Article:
World News CTV News
    DUNCAN, Okla. -- Two men and a woman were fatally shot Monday outside a Walmart store in Oklahoma, the chief of police said. Two victims were shot inside a car and the third was in the parking lot outside the store in Duncan, Police Chief Danny Ford said. Source
  • Boy killed, girl in critical condition after two cars collide with moose

    Canada News CTV News
    MONTREAL -- One child is dead and another is fighting for her life after a crash involving two vehicles and a moose in western Quebec. The collision occurred Sunday afternoon, when a vehicle hit the moose on route 323 in Notre-Dame-de-la-Paix, about 150 kilometres northwest of Montreal. Source
  • 32 arrested at Indian call centre that targeted Canadians

    World News CTV News
    TORONTO – Indian authorities say they have shut down a call centre where dozens of people tried to dupe Canadians into handing over money through a phone scam involving social insurance numbers. Sameer Sharma, a deputy police commissioner in New Delhi, said in a statement that the "swanky international scam call centre targeting Canadian citizens" first came to the attention of police on Friday. Source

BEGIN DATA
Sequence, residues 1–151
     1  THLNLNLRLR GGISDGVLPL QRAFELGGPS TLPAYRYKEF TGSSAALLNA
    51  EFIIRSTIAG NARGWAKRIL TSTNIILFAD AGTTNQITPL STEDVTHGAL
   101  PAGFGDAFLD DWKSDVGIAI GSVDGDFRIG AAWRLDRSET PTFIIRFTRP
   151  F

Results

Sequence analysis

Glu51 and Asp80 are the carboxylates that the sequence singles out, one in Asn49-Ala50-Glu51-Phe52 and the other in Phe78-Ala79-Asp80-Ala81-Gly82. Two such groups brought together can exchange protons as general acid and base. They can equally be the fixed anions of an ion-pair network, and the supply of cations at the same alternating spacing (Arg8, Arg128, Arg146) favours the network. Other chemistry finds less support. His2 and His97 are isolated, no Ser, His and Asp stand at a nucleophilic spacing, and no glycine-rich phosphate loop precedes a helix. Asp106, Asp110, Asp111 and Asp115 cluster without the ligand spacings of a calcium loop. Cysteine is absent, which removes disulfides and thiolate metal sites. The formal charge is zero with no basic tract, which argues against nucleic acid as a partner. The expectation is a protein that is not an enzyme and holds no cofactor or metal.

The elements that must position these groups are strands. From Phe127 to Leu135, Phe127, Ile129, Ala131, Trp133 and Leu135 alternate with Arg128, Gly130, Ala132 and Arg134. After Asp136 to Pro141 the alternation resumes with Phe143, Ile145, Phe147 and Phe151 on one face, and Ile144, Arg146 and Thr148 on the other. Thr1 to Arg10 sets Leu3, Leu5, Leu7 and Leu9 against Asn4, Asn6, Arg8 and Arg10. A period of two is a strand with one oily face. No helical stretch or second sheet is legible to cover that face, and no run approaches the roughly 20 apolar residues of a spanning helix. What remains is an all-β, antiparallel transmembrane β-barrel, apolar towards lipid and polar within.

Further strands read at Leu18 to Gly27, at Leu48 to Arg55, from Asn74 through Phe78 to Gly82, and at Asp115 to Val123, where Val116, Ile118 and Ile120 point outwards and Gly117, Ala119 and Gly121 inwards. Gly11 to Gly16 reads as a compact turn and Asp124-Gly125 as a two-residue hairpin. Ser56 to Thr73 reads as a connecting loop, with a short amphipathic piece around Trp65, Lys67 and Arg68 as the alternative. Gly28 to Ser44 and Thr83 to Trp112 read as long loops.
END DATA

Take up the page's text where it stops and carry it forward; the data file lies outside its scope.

• 'We're always ready': Life aboard Canada's HMCS Ottawa enforcing sanctions against North Korea

    Canada News CTV News
    TORONTO – Commander Alex Barlow’s day starts like many Canadians - with an early morning, 6 a.m. workout. But, while many enjoy the comfort of a treadmill at home or a local gym, Barlow’s is aboard a 5,000-tonne warship – the HMCS Ottawa, a Halifax-class frigate in the Royal Canadian Navy fleet currently travelling to the Philippines Sea. Source